Archives for posts with tag: Bible

What came first, the chicken or the egg?

This is perhaps the first philosophical question I ever heard.  To have a chicken requires an egg and hens (often known as chickens) lay eggs.   The expression it’s a chicken and egg situation has become popular.

She’s no spring chicken is a euphemism meaning that someone is getting on in years.

Chicken feed is considered inexpensive, leading to the meaning a trifling sum of money.

It is possible to ruffle someone’s feathers (although people are mammals, not birds) by annoying them or embarrassing them.

Spitting mad is very cross.  Spitting is antisocial, but has been an act signifying disdain.

Spitting blood is also to be extremely angry.  (Oxford Dictionary of Modern Slang)

Spitting feathers (as far as I know) has a similar meaning.

Spit and polish is a quick wash, when there is no water available.

Roast on the spit has nothing to do with saliva.  A long spike is used to pierce fowl or flesh (meat), which is cooked in front of an open fire, turning for even cooking.  It was a usual means of cooking for centuries in homes able to afford food, fuel and servants.

As rare as hen’s teeth is hyperbole in the style of a simile as hens do not have teeth.  Rare means unusual, not non-existent.  (However a steak may be rare, which is a bit better cooked than raw.)

Like drawing teeth compares the extraction of information (for example) to the extraction of teeth, (after which, people do spit blood!)

Cocksure means over-confident.

To chicken out is to back out of some activity due to fear.

Cock crow is early in the morning.  The dawn chorus begins before sunrise as birds wake up and begin to sing.

Before the cock crows twice… John 13:31-38

Another quotation from the gospels how often have I longed to gather your children together, as a hen gathers her chicks under her wings… Matthew 23:37-39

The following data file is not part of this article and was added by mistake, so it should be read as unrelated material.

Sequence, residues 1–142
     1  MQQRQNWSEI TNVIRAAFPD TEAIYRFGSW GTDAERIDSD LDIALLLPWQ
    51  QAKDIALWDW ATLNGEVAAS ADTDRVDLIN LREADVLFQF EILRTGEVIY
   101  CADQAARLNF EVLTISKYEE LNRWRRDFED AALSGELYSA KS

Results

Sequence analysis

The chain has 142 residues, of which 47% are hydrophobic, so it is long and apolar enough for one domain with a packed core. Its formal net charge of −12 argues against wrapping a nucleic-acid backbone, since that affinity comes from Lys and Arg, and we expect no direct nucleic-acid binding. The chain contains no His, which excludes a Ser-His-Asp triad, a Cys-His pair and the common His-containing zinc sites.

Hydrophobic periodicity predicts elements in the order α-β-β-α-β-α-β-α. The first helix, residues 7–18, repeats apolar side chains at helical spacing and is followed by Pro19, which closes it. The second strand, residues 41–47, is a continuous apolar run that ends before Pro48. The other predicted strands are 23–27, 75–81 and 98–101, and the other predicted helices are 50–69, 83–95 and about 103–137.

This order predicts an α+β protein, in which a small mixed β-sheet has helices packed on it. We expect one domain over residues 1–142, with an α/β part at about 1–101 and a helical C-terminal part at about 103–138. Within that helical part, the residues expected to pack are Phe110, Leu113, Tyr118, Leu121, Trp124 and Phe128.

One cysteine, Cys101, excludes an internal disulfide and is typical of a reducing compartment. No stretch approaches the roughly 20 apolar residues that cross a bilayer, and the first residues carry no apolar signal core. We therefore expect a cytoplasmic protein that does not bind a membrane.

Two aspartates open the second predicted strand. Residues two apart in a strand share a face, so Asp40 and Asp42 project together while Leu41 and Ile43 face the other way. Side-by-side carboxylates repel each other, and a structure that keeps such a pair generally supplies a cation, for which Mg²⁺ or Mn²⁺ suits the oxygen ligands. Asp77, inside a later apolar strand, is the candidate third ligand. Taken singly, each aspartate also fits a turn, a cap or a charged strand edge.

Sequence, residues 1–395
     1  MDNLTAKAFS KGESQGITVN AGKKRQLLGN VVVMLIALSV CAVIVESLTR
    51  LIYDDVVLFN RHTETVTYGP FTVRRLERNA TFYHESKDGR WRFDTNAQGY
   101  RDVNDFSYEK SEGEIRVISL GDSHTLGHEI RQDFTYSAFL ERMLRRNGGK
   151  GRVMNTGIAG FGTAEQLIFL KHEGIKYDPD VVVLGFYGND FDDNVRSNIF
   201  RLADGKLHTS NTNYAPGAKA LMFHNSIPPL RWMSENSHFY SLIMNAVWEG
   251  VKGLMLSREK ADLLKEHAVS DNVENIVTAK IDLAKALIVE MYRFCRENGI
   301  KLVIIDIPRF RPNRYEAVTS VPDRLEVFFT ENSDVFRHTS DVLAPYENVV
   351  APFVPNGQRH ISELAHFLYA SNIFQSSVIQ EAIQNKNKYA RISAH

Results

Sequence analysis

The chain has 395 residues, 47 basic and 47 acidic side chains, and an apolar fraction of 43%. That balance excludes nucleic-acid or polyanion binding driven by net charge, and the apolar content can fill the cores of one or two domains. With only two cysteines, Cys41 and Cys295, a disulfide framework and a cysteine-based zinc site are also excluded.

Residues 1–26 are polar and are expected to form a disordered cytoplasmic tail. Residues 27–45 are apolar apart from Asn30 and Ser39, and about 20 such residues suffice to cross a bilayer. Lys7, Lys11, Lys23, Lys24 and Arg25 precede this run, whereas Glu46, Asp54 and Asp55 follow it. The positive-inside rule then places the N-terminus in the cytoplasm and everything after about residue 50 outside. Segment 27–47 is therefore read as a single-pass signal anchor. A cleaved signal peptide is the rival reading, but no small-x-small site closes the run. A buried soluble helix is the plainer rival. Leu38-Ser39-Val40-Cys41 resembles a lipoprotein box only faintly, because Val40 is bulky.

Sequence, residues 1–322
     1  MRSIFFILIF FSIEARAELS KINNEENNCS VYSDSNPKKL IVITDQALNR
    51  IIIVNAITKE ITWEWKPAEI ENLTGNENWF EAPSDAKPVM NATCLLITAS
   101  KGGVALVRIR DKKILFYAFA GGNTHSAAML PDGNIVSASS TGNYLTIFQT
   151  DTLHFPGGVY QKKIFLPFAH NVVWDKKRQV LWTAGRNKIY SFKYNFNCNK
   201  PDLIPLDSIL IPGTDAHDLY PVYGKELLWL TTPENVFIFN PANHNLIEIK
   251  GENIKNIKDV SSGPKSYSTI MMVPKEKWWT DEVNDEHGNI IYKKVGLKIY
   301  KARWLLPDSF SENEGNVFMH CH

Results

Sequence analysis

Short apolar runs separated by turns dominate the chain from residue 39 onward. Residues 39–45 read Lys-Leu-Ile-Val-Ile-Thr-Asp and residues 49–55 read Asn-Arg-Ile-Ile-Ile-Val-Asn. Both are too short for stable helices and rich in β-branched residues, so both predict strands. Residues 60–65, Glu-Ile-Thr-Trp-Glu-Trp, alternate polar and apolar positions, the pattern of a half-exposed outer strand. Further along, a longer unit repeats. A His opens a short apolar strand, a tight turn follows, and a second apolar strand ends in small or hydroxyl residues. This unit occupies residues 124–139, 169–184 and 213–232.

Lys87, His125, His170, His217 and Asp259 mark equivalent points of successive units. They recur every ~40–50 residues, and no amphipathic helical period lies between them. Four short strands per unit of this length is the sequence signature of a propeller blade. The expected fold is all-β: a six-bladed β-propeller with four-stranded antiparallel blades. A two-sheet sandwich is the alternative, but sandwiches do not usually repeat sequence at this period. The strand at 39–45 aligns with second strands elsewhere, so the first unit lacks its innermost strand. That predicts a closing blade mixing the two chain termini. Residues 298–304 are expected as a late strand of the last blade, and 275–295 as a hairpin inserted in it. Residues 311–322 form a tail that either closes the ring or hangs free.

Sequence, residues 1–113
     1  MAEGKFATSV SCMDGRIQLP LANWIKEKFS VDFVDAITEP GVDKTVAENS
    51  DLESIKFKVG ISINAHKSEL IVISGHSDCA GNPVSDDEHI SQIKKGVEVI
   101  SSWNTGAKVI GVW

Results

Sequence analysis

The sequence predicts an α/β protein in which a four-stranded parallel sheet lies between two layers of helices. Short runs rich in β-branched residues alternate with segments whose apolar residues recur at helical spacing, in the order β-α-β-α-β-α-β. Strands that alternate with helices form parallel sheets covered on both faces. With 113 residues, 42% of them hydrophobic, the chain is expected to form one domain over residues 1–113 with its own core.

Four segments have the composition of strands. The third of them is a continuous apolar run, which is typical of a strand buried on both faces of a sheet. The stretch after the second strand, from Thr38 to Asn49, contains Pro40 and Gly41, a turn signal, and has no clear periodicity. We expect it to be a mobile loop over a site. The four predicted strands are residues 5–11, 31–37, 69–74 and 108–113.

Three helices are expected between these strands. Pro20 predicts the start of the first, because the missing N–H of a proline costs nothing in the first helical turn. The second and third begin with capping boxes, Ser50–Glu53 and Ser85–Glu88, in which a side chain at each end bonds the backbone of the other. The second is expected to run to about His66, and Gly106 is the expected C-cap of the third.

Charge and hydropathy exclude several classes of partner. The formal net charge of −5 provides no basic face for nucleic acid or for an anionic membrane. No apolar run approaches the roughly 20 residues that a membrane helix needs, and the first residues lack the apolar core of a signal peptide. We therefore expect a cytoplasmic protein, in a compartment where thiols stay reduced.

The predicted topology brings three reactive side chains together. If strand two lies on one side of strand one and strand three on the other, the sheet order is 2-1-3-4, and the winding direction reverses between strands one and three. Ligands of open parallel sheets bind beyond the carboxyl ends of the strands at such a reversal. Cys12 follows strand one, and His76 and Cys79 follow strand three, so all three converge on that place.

Bend someone’s ear usually means try to persuade them.

Pillow talk takes place in bed.  In UK English pillows are specifically for heads to rest on in bed.  US English has widened the meaning to include cushions, which are now fashionable adornments on beds as well as being useful on armchairs and sofas.

Rabbiting on is a slang expression about talking at length.  I’ve never heard a rabbit make a noise, have you?

Banging on is another slang expression for going on about something.  Nowadays many people say “went” instead of “said”.  It is an extension of the same idea, although it is disliked by purists.

To put it bluntly or to be blunt means to say what you mean without leaving any room for doubt or ambiguity.

Stuff and nonsense is associated with those dealing with young children.

Piffle and tosh and Balderdash are two old-fashioned ways of saying Nonsense.

Well, I never (did)! expresses surprise.

What do you know? has various meanings depending on the emphasis. WHAT do you KNOW? is an expression of surprise. What do YOU know? is possibly a put-down.

I won’t kowtow to anyone.  This is derived from Chinese and means not submitting to another person’s superiority.

When all’s said and done…
…may introduce a summary of someone’s understanding of a situation.

Having the last word can become a habit.

I’ll tell you what…
…may introduce a plan.

Go off the deep end means lose one’s temper (usually verbally).

To vouchsafe information is to tell someone something.  The verb vouch (for) means guarantee and  now there are all sorts of money-saving vouchers or coupons.

To pull something off means to succeed.

So long! is an informal way of saying Goodbye!

Hang on his every word means listen attentively.  (Luke 19:47-48)